Goh Cheng Leong Chapter 4: Weathering, Mass Movement and Groundwater YouTube Lecture Handouts

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Watch video lecture on YouTube: Goh Cheng Leong Chapter 4: Weathering, Mass Movement & Groundwater Goh Cheng Leong Chapter 4: Weathering, Mass Movement & Groundwater
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Earth crust undergoes changes:

  • Internal forces – orogenesis (folding and faulting)

  • External forces – interaction of constructive an destructive forces (lowering and levelling out) – denudation

Weathering – disintegration

Erosion – wearing away by moving agents

Transportation – removal of eroded particles

Deposition – dumping and accumulation to form new rocks

Watch video lecture on YouTube: Weathering & Erosion - 3 Types and 6 Agents Weathering & Erosion - 3 Types and 6 Agents
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These depends on:

  • Relief

  • Rock

  • Climate

  • Human interference

Weathering

Chemical Weathering

Slow process with gradual decomposition of rocks

Air and water contain chemical elements that accentuate the process

Malaysia – Granite (quartz, feldspar and mica) which is pitted and rough; feldspar is quickly weathered than quartz – quartz loosen and form sandy residue

Regolith- mineral remains of decomposed rocks with organic residue (has corestone which is most resistant)

In presence of soil cover – chemical weathering enhances (soil absorbs rainwater and is in contact with moisture)

Solution

  • Minerals are dissolved by water – contains to make weak acid

  • Common in limestone region – calcium carbonate

  • Solution is affected by composition and structure

  • Tropical nations – heavy rain and warm climate promote rapid chemical reactions (warm wet promotes while dry weather inhibits)

Oxidation

  • Reaction of oxygen in air and water with minerals in rock

  • Oxidation of iron and rusting (crumbles and erodes)

Decomposition by organic acids

  • Bacteria that thrive on decaying plants and animals

  • Produce acids that speed up the process

  • Absorb chemical elements from rocks and produce organic acids

Physical Weathering

Repeated temperature change

  • Desert area – constant heat and sudden drop of temperature in night

  • Rock split or breaks into rectangular blocks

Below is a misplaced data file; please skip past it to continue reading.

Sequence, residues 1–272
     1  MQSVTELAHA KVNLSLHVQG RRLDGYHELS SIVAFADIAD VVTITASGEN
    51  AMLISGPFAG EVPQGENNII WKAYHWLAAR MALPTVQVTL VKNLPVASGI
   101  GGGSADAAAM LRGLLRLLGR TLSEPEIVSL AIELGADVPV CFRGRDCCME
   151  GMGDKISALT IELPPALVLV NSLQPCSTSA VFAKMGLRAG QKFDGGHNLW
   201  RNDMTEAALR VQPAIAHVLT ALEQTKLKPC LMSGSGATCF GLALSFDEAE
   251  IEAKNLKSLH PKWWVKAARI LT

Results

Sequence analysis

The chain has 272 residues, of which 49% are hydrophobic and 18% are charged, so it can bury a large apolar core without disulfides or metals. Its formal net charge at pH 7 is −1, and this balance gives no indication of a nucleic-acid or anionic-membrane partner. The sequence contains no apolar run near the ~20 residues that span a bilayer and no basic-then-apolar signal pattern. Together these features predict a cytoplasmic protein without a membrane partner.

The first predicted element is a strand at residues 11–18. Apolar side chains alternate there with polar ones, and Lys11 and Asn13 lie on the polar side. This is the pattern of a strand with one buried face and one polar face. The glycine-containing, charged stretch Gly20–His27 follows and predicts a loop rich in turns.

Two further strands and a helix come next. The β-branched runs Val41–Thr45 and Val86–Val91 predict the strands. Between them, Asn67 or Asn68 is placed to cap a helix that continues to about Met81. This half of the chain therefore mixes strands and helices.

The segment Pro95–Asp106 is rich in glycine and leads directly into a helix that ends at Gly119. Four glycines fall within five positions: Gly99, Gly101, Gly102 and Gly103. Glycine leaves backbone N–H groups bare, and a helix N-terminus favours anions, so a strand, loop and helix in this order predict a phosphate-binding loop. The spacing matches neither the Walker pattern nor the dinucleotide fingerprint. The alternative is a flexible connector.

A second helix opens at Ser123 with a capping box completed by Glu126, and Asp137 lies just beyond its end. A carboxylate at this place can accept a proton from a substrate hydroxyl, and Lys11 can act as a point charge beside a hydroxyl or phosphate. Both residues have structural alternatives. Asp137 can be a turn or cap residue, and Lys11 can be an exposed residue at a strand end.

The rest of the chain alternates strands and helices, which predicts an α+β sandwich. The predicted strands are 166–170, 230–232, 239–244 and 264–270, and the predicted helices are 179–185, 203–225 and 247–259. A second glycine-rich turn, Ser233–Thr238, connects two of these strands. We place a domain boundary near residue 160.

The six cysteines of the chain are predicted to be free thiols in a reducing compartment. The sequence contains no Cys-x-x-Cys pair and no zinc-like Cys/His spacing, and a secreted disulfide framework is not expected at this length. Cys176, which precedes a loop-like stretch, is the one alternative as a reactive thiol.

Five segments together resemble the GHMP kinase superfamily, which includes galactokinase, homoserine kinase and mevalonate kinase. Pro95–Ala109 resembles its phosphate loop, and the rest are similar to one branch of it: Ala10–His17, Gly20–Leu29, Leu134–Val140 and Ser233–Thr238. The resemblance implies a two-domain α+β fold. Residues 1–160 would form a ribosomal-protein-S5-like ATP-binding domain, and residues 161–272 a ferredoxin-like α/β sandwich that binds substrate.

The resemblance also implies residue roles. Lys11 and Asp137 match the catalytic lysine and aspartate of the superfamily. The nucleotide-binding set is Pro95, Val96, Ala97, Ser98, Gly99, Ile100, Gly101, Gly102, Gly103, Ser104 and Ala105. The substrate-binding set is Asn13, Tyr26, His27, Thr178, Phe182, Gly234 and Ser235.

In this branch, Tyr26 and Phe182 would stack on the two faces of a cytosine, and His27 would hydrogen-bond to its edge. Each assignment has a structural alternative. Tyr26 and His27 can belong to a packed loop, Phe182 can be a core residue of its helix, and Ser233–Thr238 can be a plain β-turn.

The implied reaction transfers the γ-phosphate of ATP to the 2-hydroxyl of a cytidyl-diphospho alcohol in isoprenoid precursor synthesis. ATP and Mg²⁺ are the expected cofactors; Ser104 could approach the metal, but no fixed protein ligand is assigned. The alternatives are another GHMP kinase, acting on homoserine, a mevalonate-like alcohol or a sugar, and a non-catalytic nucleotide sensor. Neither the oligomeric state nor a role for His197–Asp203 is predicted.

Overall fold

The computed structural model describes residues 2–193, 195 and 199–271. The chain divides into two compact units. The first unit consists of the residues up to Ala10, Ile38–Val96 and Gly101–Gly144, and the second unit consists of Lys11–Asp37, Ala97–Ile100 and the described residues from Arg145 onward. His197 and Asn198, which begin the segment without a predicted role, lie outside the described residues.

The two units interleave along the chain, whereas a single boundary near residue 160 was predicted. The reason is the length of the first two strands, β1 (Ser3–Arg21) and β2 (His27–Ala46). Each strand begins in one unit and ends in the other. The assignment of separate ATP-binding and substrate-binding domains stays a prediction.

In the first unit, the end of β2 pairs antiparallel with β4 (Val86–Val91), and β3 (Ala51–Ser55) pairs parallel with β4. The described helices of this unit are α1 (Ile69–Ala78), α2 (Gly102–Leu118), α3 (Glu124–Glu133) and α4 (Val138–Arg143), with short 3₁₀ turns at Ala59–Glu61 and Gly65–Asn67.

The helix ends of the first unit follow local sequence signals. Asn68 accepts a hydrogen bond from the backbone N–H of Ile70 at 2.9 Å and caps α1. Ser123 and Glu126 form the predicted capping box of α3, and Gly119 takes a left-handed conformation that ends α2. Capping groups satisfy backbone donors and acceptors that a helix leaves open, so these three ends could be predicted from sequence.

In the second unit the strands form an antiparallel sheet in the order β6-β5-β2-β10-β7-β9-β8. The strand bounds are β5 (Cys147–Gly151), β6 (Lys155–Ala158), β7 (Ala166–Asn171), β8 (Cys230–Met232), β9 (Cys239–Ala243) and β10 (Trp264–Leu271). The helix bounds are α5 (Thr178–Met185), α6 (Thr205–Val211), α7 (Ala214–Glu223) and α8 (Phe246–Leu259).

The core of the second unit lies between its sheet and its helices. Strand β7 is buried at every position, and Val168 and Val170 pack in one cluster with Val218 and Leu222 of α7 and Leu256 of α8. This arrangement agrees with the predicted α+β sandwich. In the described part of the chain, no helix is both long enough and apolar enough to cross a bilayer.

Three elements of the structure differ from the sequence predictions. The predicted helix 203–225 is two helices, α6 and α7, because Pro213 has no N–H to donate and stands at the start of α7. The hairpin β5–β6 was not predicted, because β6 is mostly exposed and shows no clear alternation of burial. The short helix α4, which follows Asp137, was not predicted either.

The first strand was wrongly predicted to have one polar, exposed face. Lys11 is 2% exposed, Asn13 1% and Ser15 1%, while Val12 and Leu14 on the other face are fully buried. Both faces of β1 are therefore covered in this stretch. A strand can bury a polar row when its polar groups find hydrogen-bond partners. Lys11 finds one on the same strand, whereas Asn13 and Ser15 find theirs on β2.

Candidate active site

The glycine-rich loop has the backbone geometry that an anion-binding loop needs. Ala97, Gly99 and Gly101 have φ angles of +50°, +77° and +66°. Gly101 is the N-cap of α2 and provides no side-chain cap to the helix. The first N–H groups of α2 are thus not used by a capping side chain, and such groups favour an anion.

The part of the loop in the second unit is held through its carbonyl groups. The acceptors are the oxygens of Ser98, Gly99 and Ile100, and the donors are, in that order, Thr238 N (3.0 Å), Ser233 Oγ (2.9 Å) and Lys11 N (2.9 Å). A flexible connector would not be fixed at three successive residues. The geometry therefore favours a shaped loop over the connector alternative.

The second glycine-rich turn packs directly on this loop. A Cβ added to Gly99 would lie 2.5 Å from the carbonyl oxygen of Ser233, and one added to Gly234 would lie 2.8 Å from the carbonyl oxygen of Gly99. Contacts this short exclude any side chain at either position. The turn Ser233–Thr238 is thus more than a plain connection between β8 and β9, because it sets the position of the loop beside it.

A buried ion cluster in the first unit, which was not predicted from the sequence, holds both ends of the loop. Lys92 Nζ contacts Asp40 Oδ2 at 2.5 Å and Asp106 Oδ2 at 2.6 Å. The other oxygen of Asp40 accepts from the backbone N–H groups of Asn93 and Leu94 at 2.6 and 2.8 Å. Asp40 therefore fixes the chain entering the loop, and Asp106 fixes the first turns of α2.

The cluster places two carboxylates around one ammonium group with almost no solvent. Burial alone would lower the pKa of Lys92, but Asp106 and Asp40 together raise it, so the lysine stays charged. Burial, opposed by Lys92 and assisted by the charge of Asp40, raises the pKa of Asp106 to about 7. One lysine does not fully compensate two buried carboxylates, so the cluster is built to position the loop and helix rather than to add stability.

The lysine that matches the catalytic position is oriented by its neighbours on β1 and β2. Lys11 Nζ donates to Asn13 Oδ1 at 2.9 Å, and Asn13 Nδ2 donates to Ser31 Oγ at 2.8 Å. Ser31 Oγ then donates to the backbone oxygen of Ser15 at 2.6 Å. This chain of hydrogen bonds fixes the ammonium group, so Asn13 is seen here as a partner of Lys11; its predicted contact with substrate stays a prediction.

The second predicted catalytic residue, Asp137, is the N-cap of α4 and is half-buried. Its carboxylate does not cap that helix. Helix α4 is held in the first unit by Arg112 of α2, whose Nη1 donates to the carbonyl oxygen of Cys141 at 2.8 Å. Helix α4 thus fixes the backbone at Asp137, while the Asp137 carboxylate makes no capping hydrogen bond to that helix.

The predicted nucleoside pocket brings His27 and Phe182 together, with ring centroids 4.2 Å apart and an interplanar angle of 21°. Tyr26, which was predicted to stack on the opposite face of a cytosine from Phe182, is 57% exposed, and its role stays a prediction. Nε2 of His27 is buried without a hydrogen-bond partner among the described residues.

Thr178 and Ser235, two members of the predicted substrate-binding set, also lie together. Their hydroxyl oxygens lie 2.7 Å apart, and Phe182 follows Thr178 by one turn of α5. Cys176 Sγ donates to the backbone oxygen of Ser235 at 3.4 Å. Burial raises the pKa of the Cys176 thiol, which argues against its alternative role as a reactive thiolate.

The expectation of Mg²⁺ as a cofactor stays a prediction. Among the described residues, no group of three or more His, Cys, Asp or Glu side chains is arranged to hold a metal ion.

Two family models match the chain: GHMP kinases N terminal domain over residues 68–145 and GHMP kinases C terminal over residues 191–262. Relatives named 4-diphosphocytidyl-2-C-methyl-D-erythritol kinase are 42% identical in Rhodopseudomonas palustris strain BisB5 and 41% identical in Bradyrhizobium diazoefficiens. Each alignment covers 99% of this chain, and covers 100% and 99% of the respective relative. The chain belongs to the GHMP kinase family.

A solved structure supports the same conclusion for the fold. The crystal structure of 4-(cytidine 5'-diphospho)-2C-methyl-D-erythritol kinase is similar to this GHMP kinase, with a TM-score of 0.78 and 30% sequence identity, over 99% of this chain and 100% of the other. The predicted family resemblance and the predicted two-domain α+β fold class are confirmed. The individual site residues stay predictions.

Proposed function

• Shales and slates split into platy fragments

  • In crystalline rocks – quartz, mica, feldspar expand and contract

  • Maximum stress and pressure near rock surface and where sharp angles are there in the rocks

  • Onion peeling – exfoliation (peeled in layers)

Repeated wetting and drying

  • Tropical regions of Malaysia – short downpour saturate the rocks and hot sun dries it again

  • Occurs in coastal area where rocks are dried by sun and wind between tides

Frost action

  • Seen in temperate areas

  • Temperature drops in night and in winter – water expands by 1/10th its volume and exerts pressure

  • It deepens the cracks

  • On mountains it creates pinnacles and angular outlines

  • This is known as frost shattered peaks

  • Angular fragments fall to foot of slope and accumulate as screes

Biotic factors

  • Loosened by chemical or mechanical weathering

  • Roots penetrate along the joints

Mass Movement

Watch video lecture on YouTube: Mass Wasting and Landslides - Types, Components, Causes and Prone Areas Mass Wasting and Landslides - Types, Components, Causes and Prone Areas
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Movement of weathered material down the slope due to gravitational forces

Movement can be slow or sudden, depend on slope gradient, weight of debris and lubricating moisture supplied by rainwater

Soil creep

  • Slow and gradual

  • More or less continuous movement of downhill slopes

  • Not noticeable if slope is gentle and soil is covered with grasses

  • Common in damp soils where water act as lubricant

  • Common in areas of continuous grazing by animals to create vibrations

Soil flow

  • Soil is saturated with water

  • Soil acts like a liquid

  • In arid areas it becomes saturated with rainwater after a storm and flow as semi-liquid mass

  • In temperate and tundra – it occurs when frozen surface thaws in spring